Progressive Methods in Data Warehousing and Business Intelligence: Concepts and Competitive Analytics

Progressive Methods in Data Warehousing and Business Intelligence: Concepts and Competitive Analytics

David Taniar (Monash University, Australia)
Indexed In: SCOPUS View 1 More Indices
Release Date: February, 2009|Copyright: © 2009 |Pages: 390
ISBN13: 9781605662329|ISBN10: 1605662321|EISBN13: 9781605662336|DOI: 10.4018/978-1-60566-232-9


Recent technological advancements in data warehousing have been contributing to the emergence of business intelligence useful for managerial decision making.

Progressive Methods in Data Warehousing and Business Intelligence: Concepts and Competitive Analytics presents the latest trends, studies, and developments in business intelligence and data warehousing contributed by experts from around the globe. Consisting of four main sections, this book covers crucial topics within the field such as OLAP and patterns, spatio-temporal data warehousing, and benchmarking of the subject.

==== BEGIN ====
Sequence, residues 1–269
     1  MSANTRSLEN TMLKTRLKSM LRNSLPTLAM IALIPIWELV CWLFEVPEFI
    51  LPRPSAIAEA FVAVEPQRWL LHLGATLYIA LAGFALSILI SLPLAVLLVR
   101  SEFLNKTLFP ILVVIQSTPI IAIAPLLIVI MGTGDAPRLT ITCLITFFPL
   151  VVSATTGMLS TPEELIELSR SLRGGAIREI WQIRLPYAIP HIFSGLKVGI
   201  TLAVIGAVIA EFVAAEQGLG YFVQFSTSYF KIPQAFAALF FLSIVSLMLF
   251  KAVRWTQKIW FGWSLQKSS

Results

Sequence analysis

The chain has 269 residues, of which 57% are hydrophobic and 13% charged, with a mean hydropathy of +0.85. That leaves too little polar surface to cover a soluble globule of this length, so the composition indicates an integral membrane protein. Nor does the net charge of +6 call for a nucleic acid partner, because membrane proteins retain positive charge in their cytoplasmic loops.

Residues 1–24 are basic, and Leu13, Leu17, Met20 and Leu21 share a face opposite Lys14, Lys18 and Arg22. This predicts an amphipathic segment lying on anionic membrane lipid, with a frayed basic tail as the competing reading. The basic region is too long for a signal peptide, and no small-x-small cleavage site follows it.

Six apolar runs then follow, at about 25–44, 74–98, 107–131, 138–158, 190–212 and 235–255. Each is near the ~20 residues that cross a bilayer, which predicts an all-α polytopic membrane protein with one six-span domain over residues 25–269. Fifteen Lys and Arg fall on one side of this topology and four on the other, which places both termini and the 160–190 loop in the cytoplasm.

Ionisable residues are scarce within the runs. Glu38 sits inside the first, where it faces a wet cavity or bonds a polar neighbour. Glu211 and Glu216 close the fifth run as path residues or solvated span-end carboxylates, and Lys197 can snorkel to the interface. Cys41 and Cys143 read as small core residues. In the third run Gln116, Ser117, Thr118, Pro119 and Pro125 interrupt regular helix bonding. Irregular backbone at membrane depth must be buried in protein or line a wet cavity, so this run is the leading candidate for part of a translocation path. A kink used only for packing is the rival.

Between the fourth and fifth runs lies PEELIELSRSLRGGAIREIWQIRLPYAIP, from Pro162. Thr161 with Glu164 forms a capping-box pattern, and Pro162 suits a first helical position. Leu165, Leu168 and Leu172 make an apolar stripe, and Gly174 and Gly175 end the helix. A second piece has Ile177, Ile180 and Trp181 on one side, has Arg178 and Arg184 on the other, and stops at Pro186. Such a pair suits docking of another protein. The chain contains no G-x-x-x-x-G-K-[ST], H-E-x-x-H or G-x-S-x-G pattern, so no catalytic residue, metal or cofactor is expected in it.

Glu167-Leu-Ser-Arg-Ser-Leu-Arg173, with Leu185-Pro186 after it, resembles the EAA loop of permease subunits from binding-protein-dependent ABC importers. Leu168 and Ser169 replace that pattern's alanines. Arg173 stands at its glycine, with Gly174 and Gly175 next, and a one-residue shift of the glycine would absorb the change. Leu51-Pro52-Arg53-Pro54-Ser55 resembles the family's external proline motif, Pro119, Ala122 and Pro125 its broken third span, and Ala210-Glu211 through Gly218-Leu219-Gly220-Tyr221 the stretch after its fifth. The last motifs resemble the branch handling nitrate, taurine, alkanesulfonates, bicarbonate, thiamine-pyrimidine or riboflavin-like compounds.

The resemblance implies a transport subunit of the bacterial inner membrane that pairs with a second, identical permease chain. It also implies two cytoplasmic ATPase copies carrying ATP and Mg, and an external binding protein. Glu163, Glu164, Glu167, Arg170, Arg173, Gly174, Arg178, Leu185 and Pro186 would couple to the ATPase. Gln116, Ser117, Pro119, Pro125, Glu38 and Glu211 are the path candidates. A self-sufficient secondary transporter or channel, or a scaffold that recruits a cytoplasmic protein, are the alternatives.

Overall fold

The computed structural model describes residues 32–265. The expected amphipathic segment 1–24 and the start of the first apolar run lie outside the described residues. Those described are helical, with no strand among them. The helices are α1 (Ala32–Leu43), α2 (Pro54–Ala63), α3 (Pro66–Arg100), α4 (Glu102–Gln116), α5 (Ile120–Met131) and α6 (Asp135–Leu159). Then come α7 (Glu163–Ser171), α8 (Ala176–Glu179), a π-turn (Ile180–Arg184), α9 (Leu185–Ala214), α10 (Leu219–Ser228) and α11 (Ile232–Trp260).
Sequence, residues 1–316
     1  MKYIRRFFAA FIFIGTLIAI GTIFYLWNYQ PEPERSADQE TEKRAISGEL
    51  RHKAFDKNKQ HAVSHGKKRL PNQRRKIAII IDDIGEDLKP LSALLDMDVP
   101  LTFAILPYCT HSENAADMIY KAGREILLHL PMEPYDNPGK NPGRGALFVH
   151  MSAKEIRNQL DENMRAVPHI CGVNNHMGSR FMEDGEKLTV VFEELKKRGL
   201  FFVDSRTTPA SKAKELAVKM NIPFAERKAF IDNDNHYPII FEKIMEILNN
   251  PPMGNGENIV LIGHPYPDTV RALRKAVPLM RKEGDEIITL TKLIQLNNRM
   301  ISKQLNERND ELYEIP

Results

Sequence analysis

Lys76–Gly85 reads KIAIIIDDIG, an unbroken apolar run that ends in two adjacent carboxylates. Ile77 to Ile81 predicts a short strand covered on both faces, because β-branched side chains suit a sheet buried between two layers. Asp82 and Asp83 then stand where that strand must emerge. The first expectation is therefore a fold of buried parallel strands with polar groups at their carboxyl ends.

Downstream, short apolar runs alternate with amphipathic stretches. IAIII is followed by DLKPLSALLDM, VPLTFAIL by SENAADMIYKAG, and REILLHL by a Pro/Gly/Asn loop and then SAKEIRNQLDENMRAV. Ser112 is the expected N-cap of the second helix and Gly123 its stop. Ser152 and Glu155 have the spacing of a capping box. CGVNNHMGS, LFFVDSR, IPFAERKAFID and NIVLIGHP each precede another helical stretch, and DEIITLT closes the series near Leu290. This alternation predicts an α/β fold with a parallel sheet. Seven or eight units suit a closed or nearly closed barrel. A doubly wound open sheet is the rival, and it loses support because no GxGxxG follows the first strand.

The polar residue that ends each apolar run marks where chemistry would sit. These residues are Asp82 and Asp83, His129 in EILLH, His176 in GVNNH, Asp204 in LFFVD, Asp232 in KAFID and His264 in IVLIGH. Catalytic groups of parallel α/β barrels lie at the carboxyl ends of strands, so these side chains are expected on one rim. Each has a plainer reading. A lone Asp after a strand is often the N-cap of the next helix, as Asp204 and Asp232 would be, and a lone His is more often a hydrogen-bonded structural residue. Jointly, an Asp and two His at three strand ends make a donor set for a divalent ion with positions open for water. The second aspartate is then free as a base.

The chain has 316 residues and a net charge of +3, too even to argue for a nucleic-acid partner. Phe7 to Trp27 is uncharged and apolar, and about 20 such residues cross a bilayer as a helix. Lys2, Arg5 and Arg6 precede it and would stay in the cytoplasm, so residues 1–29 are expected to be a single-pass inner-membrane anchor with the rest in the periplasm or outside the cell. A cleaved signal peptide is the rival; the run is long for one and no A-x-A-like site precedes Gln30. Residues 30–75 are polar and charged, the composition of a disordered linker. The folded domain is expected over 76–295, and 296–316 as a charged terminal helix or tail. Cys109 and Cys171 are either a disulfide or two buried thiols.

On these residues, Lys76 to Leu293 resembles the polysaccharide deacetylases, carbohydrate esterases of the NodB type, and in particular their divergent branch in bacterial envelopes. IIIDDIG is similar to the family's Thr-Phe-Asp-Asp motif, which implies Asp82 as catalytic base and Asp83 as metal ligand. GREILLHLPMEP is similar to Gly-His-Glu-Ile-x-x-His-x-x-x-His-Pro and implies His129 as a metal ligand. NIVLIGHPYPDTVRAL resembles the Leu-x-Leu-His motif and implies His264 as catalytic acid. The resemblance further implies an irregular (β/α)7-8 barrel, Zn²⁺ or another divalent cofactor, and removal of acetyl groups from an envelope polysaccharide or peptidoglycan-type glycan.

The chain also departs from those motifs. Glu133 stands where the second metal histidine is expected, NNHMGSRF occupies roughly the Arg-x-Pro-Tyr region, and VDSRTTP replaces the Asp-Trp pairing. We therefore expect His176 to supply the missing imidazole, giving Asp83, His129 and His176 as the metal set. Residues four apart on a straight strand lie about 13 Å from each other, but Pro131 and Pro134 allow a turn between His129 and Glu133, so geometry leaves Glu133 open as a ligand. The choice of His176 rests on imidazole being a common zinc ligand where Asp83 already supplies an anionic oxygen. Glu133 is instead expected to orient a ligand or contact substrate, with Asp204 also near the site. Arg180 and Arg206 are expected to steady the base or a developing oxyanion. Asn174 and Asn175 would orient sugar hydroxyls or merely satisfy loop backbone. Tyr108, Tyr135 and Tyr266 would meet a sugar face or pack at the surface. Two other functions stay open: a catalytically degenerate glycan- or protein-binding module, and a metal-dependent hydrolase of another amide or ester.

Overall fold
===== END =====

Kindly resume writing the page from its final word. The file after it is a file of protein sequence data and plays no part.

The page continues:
Topics Covered

The many academic areas covered in this publication include, but are not limited to:

  • Business Intelligence
  • Data consistency maintenance in data warehouse systems
  • Data warehouse benchmarking
  • Data warehouse conceptual models
  • Distributed approach to continuous queries
  • Integrated business and production process data warehousing
  • Interactive quality-oriented data warehouse development
  • Multi-node OLAP systems
  • Spatial telemetric data warehouse
  • Spatio-temporal data warehousing
  • Spatio-temporal multigranularity
  • XML document contents with OLAP dimensions

Reviews and Testimonials

This publication covers important foundations to researches and applications in data warehousing, covering modeling, OLAP and patterns, as well as new directions in benchmarking and evaluating data warehousing. Issues and applications, particularly in spatio-temporal, show a full spectrum of the coverage of important and emerging topics in data warehousing.

– David Taniar, Monash University, Australia

Consisting of 16 chapters in four sections, this third volume in the series focuses on research and applications in data warehousing, covering conceptual modeling and development, OLAP and patterns, spatio-temporal data warehousing, and new directions in benchmarking and evaluating data warehousing.